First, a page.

War and humanitarianism, medicine and public health, rights and justice... Discover CRASH publications sorted by themes.
The fact that CRASH publications are written from an aid practitioner's, rather than researcher's, perspective, does not exempt them from the demands of rigorous research methods. We try hard at this, with the help of (volunteer) research professionals. The publications are not the MSF party line, but rather tools for reflexion based on MSF's framework and experience. They have only one purpose: to help us better understand what we are doing. Criticisms, comments and suggestions are more than welcome - they are expected.
This essay points out the fragility of the arguments most often used by humanitarian organizations to justify their support for an international criminal court. Questioning NGOs' infatuation with punitive justice, Fabrice Weissman argues that humanitarian organizations should advocate for politics of aid and mediation rather than for a global moral order based on judicial punishment and just war.
Based on MSF's experience in responding to epidemics, Jean-Hervé Bradol describes the risks of spending precious time and energy on trying to delay the spread of the epidemic rather than on the case management of large numbers of sick people.
Humanitarian medicine is intented for marginalized people, hit by a crisis or deprived of access to medical care. This book helps us understand how the specificity of humanitarian medicine stems from real-life situations, more than from the medical act in itself.
Dr. Jean-Hervé Bradol, Former President of MSF-France presented data based on MSF's experience in Niger that showed the implementation of the UN recommendation for the treatment of severe acute malnutrition was not possible in a high burden setting.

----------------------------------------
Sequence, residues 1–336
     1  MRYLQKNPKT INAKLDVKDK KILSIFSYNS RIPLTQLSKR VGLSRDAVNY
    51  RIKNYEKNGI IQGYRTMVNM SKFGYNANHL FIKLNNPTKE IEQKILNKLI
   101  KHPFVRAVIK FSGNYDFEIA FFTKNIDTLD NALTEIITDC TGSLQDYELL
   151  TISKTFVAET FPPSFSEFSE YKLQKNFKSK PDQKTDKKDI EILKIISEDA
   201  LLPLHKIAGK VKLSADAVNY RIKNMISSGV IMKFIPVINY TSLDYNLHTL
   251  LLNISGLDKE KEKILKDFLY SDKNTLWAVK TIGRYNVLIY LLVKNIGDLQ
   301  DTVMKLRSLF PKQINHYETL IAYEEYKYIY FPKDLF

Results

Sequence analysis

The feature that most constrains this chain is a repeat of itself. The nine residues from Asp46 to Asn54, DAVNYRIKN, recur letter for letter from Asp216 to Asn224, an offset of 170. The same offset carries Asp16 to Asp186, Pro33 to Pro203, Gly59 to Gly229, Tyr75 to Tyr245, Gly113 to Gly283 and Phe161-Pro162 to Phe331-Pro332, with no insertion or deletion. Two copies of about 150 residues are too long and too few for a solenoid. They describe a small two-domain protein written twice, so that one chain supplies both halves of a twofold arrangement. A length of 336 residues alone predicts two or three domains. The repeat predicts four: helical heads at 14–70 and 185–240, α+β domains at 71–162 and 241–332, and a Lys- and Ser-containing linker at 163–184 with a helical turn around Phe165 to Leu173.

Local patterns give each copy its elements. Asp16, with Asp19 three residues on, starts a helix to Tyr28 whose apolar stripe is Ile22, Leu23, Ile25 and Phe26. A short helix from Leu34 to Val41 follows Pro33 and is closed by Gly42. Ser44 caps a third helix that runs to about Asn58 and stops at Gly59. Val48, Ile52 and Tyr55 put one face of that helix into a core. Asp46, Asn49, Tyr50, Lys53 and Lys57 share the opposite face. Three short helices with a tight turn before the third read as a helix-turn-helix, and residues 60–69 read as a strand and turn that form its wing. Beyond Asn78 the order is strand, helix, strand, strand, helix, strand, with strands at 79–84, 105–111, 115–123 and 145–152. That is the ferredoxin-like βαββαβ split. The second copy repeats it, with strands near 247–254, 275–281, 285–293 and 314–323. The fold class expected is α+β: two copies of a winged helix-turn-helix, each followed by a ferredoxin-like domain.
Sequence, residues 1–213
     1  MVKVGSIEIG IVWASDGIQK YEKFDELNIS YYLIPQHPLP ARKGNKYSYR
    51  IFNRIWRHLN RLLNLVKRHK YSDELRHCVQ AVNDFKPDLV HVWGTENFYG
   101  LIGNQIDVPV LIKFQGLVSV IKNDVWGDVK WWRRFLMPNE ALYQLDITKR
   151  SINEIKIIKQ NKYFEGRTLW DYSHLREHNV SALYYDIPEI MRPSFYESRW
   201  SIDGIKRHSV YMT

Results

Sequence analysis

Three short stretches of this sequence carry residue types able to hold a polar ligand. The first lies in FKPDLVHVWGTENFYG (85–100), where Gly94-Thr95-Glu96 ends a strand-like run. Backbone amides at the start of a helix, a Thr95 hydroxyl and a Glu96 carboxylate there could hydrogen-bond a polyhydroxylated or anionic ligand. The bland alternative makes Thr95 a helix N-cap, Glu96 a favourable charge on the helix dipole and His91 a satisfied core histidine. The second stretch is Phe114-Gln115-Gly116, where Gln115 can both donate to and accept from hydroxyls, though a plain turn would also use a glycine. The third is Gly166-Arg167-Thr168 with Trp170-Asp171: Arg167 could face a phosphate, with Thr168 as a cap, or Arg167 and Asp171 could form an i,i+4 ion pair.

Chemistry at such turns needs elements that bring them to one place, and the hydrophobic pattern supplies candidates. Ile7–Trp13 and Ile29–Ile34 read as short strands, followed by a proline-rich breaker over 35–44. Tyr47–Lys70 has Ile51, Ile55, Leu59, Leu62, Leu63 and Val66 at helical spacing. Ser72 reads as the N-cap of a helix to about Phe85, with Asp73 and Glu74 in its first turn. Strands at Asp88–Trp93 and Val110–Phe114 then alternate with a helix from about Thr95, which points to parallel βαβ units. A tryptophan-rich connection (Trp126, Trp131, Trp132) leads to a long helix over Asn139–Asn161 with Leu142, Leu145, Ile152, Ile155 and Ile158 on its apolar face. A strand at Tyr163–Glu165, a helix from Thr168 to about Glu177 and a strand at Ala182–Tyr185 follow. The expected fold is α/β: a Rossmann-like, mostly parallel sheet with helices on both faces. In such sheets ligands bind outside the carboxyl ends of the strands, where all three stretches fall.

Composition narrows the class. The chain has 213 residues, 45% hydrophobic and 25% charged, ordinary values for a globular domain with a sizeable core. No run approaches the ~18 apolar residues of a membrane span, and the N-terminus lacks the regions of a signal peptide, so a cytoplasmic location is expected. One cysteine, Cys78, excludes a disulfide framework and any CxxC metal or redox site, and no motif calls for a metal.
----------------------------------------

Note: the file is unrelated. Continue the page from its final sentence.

With 13,000 humanitarian workers and a hundred relief agencies, Darfur hosts the largest humanitarian operation in the world. The aid apparatus started its full deployment in mid-2004 in a context of acutely high mortality among internally displaced persons (IDPs) gathered in camps and civilians remaining in rural areas.
This study sheds light on the mechanisms producing the official data used by humanitarian aid decision makers. It views Early Warning Systems (EWS) as tools that facilitate consensus between the decision-makers involved in the allocation of food aid, enabling them to reach institutional agreements.
To embark upon a study of this theme is to enter a field strewn with contradictory representations linked to a highly sensitive issue – the limits of our responsibility – that has generated endless disagreements and debates on our “identity” and the existence or nonexistence of a role for MSF “beyond care”.
Though independence and innovation are both highly valued concepts, Xavier Crombé questions in this article - thanks to MSF's experiences in Niger in 2005 - the possible interactions between them.